Prior to the election I queried what would happen to the DOMA litigation if Mitt Romney won. In short, probably a lot:

How would a change in administration affect this litigation?

Well presumably the House Republican group will drop out. But will Paul Clement argue anyway? A special assistant to the SG office? And will the changed administration affect any stated governmental interests? Will the new SG file supplemental briefs changing course? Will the new SG suddenly find that heightened scrutiny is not applicable? Will the new SG argue that some compelling interests his predecessor argued are not so compelling?

How should courts treat these compelling governmental interests when they change every four years–especially when an Administration stops defending a law, such as DOMA.

So generally speaking, how much deference is owed to the Solicitor general’s position?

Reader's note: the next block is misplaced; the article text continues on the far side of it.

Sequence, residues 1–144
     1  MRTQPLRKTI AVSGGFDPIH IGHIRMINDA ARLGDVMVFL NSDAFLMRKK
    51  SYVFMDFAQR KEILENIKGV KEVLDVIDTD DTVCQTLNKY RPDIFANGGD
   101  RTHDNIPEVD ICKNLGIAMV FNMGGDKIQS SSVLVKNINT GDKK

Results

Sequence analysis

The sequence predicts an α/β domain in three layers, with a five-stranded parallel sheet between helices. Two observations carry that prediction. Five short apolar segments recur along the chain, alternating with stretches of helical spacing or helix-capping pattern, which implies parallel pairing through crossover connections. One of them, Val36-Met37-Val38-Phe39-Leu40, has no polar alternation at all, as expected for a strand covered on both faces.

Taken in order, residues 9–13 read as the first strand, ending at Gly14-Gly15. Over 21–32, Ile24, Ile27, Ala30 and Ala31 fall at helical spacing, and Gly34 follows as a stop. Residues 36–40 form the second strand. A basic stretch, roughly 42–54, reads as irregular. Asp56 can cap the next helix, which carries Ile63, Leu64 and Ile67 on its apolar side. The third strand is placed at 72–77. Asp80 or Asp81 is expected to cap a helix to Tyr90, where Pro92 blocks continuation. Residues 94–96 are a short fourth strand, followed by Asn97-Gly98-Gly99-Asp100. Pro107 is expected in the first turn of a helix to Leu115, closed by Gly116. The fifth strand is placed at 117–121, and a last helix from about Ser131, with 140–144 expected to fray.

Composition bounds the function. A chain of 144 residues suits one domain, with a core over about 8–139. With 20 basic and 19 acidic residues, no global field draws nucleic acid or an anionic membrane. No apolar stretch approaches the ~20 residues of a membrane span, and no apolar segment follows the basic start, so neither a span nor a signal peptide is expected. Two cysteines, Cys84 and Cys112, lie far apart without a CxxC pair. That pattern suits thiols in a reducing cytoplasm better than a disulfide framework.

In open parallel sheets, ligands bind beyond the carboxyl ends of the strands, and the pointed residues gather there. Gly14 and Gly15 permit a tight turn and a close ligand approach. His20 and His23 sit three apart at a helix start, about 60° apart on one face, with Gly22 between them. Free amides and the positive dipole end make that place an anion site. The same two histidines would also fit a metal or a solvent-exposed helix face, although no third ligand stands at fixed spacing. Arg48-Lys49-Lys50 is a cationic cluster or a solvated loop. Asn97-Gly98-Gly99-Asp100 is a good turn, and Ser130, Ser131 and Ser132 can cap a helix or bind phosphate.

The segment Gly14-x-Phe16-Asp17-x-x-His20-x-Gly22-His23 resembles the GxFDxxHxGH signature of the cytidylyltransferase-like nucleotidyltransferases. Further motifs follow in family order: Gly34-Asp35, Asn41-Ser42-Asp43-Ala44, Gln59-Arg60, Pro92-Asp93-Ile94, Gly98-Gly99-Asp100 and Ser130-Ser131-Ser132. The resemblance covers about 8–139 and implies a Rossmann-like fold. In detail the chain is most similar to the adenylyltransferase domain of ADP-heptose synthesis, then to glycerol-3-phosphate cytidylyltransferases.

In the past I have wondered about what deference is owed to the government’s assertion of its best interests in the context of constitutional rights. Last term in United States v. Alvarez, the government asserted that it could not build a database to house the recipients of medals of honor, and this justified their policy of criminalizing stolen valor. In the opinion, Justice Kennedy said that they should build the database, as a significantly-less restrictive means to combat the false speech. A few months after the opinion, the government started building that database.  It seems to be online now at valor.defense.gov, and lists the recipients of the Medal of Honor and service crosses.

Relatedly, there are reports that the President considered putting together a manual to codify drone rules, fearing he may be booted out of office. Would such a policy really be binding, especially in light of Obama’s own “go it alone” approach to the unitary executive?

I wonder if the Court’s pushback will cause the SG to second-guess changing a prior position–or at least do so more persuasively?

H/T Tony Mauro and DC Dicta.